The Office of Travel and Tourism Industries recently published its annual United States Travel and Tourism Exports, Imports, and the Balance of Trade report for 2010. Put simply, U.S. travel and tourism-related exports rebounded in 2010, following the precipitous drop in 2009 that resulted in a record-setting year-over-year decline of $21.0 billion (15%).
- International visitors spent $134.4 billion experiencing the United States in 2010, averaging nearly $1.2 billion more a month than was spent in 2009.
- Americans increased their travel-related spending abroad, too. In 2010 Americans spent $102.7 billion abroad, nearly 4 percent more than was spent in 2009.
- The United States enjoyed a $31.7 billion trade surplus for travel and tourism last year, 50 percent more favorable than the $21.1 billion surplus in 2009 and the largest trade surplus on record.
- U.S. travel and tourism-related exports accounted for 25 percent of all U.S. services exports and 7 percent of all exports, goods and services alike.
- Travel and tourism exports to the Asia/Pacific region increased nearly 18 percent, the largest increase of any world region; indeed, international visitors from China, Singapore, and South Korea increased their tourism-related spending by 39 percent, 31 percent, and 30 percent, respectively.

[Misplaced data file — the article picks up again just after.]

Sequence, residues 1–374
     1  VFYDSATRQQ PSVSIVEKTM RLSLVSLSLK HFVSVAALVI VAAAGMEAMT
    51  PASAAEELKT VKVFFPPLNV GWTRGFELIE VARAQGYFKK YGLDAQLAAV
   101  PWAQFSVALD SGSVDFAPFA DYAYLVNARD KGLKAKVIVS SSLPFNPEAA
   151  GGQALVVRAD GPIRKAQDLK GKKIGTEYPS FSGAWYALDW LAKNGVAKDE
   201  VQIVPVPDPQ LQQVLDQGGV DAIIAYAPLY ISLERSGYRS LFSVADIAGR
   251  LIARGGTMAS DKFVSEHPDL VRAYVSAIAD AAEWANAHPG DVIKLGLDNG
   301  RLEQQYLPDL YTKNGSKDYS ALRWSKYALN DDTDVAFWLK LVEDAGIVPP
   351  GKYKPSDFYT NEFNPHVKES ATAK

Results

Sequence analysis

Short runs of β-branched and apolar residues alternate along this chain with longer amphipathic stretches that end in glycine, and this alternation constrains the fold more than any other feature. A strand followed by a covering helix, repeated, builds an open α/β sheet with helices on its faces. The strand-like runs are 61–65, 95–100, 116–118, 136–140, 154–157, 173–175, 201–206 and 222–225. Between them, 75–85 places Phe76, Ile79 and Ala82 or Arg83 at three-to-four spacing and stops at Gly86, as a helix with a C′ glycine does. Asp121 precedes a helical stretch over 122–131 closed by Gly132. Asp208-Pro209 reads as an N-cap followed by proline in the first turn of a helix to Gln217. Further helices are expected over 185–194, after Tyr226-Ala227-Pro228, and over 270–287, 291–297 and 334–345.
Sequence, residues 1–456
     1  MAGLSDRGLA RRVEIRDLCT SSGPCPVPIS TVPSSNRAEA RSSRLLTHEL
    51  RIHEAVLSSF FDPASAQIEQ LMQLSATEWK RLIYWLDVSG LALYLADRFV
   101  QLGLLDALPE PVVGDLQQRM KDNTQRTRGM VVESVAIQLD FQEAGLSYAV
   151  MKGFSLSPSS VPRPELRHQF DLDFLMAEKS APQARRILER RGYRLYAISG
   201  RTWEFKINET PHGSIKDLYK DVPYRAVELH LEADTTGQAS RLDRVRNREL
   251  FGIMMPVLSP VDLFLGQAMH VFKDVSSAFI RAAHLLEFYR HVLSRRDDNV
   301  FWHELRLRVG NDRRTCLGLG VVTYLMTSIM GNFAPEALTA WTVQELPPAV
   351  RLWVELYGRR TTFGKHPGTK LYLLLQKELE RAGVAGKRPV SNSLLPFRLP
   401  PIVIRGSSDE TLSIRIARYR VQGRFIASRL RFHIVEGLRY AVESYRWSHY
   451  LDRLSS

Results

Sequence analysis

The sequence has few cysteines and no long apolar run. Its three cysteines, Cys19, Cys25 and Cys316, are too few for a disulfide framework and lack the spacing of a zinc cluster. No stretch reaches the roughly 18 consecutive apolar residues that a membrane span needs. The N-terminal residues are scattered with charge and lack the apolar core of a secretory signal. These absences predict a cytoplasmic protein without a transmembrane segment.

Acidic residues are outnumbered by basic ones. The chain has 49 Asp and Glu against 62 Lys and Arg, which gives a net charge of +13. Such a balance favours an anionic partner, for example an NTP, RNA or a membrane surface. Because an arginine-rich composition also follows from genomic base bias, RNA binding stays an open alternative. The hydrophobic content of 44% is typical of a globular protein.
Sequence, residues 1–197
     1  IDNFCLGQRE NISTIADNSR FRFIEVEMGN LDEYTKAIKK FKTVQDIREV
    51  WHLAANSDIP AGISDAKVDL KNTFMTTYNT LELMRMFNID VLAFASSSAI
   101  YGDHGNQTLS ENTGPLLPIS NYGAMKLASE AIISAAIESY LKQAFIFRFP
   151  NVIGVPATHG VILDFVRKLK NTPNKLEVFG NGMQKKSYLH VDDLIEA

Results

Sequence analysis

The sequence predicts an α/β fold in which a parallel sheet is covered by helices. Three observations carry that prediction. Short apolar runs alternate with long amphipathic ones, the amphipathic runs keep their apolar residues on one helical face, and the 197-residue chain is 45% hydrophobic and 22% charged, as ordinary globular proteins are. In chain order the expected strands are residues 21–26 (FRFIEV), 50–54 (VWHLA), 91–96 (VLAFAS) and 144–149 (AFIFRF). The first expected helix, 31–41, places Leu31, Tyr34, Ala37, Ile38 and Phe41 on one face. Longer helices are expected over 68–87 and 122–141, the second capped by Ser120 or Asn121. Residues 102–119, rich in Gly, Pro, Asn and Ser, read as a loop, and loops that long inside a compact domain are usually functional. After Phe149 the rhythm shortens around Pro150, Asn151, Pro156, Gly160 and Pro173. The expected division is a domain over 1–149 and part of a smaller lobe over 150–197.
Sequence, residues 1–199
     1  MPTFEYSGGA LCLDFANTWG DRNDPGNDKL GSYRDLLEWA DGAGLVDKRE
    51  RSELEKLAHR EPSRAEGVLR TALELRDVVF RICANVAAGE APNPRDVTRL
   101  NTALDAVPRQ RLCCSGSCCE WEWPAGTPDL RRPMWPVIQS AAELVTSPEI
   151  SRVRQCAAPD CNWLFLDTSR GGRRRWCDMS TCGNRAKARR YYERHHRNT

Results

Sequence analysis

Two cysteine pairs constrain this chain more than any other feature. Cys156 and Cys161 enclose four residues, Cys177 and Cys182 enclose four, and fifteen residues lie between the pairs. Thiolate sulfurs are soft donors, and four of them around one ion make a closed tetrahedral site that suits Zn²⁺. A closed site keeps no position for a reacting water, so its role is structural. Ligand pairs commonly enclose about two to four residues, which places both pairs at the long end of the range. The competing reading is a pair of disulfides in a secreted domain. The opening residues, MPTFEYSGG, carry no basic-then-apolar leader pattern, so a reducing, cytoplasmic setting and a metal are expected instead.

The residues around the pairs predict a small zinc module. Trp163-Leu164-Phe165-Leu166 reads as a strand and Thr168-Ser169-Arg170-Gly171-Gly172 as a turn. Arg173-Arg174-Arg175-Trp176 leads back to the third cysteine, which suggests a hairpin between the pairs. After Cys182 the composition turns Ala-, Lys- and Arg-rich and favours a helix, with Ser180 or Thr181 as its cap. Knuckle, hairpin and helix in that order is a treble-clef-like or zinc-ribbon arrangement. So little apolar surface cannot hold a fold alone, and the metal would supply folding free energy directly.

- Six of the top ten markets for U.S. travel and tourism-related exports posted double-digit gains in 2010; of the twenty-one preliminary countries reported, twelve countries produced double-digit gains and six countries generated record-level spending in 2010.
- In fact every single country and region reported gains in total travel and tourism-related spending in the United States in 2010, except France and Belgium/Luxembourg. U.S. travel and tourism-related exports to visitors from France declined 1 percent in 2010, while exports to travelers from Belgium/Luxembourg declined 5 percent last year.